The Unknown Signees Who Made Themselves Known

Cooper Neill

It's easy to talk about the highly touted recruits from Ole Miss' 2013 class, but let's talk about a couple of less-heralded players that had big impacts last season for the Rebels.

Last season, Ole Miss' recruiting class was the talk of the college football world, as the number one player in the country and two other players ranked as the top athlete at their positions signed their LOIs to play for the Rebels. Added to those three five star talents were another five star and a bevy of four star prospects to put together the first top-10 recruiting class for Ole Miss in modern football recruiting history.

Toward the tail end of that recruiting class were a pair of three-star prospects who had long been committed to the Rebs and certainly didn't stick out or get much national attention. To many, they were the "depth" signings, the filler of the class. Fans payed little attention to them, and some people (myself included to an extent) couldn't figure out why Ole Miss was signing them.

Did the Rebels really need a third tight end signee who no one else really wanted? What about a receiver who didn't have many offers and was rumored to be moving to safety? Why a safety?

Evan Engram was thrown into playing a major role when tight ends AJ Jackson (the one we all wanted) failed to qualify and Christian Morgan (the other one we all wanted) was lost to a season-ending knee injury in Spring practices. The situation was dire. He would be the only scholarship tight end on the entire team, and no one knew what to expect out of him. Then, unexpectedly, we started to hear rumblings from players and coaches over the Summer that Evan Engram was actually a pretty damn good ball player in his own right, and that he could have more than a fleeting role in the Rebel passing attack.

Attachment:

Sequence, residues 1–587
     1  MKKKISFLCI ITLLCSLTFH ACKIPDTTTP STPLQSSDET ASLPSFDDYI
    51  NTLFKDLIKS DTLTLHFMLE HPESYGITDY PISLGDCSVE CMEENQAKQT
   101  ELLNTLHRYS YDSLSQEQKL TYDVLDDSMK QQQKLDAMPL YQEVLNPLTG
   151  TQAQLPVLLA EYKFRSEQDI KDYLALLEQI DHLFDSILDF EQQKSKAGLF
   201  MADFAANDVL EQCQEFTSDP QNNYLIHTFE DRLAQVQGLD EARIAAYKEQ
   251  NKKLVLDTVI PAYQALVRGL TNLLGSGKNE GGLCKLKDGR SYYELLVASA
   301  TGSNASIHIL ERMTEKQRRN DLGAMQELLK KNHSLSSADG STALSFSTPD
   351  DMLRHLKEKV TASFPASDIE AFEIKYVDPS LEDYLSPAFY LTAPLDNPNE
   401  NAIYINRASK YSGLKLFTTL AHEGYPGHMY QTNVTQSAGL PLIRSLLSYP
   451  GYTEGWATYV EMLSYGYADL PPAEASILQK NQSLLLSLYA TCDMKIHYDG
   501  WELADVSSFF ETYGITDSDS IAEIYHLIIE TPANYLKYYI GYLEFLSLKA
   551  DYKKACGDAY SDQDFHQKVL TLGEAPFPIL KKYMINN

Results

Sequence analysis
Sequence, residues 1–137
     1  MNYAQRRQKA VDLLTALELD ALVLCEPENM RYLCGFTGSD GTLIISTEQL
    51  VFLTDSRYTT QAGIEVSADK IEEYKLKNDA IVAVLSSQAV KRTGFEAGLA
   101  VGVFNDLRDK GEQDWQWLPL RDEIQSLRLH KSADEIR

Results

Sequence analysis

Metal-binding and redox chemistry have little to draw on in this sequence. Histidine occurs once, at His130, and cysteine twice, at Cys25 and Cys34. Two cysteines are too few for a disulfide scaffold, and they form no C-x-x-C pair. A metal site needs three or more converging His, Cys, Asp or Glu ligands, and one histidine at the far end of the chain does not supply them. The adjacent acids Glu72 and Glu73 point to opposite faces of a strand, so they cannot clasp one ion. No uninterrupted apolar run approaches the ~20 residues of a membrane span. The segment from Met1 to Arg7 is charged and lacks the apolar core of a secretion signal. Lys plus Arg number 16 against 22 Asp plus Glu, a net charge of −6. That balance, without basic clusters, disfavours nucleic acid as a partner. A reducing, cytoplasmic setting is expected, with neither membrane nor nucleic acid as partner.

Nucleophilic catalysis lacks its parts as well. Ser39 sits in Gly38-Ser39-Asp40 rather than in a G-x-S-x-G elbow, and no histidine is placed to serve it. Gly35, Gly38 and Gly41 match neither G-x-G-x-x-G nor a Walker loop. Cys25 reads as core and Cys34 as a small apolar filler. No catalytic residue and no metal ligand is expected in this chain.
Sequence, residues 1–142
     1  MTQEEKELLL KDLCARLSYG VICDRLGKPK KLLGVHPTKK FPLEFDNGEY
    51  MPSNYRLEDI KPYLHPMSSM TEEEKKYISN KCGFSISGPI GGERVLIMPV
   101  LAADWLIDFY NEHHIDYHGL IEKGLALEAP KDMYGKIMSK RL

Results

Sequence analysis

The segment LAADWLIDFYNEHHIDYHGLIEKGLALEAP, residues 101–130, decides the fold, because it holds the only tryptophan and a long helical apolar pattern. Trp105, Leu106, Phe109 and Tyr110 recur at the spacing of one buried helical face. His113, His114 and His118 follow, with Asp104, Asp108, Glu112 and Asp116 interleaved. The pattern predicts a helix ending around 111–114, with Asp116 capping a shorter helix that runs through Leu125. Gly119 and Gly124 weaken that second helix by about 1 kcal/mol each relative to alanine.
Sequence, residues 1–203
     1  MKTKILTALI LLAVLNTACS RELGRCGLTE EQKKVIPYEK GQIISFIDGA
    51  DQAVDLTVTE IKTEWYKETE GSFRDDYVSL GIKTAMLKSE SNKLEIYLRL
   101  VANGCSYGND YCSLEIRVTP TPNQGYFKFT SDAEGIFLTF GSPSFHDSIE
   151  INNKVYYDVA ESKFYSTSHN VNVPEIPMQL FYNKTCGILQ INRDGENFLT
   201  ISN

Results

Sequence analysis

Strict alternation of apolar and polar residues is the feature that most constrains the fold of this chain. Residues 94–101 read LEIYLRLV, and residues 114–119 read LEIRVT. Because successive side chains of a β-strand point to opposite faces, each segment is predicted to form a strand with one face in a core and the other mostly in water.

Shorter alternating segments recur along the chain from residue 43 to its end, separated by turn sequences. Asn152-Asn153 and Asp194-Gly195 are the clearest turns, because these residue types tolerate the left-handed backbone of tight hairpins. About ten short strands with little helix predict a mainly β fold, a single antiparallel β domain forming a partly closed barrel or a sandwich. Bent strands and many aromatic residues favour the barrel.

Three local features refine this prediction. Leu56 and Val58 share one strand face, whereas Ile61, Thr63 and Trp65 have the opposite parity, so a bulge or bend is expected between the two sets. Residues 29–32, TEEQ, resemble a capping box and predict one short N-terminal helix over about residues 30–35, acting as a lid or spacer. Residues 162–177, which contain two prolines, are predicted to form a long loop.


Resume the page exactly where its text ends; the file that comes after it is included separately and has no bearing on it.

In August practices, it became more apparent that Engram would be used in the passing game, but mostly out of necessity. No one totally knew how he would be used, since he wasn't all that physically big, but Bo Wallace seemed to have an affinity for throwing the ball to him in scrimmages. He even talked Engram up several times in interviews. It became harder and harder to pass off the murmurs of this guy's potential as wishful thinking. It seemed like maybe Evan Engram wouldn't force us to go into the season without a viable tight end after all.

Then the August 29th Thursday night season-opening game arrived. Rebel Fans were excited to see their team play Vanderbilt in Nashville in front of a national audience starved for football. Most were excited to see the season begin anew, and couldn't help but wonder what the offense would look like and, of course, how would the five-star recruits perform.

In the second quarter, with the Rebels down 14-10, Bo Wallace threw a four yard pass to Evan Engram, the first completion to the unheralded freshman tight end.

"Oh," I thought. "I guess it's good to make Vandy respect the tight end option."

Later in the drive, Engram caught a pass for 24 yards. Then immediately another for 11 yards. He looked as good as any freshman on the field that night. He looked ready for SEC football. Evan Engram wasn't simply a non-liability at tight end. He was an asset.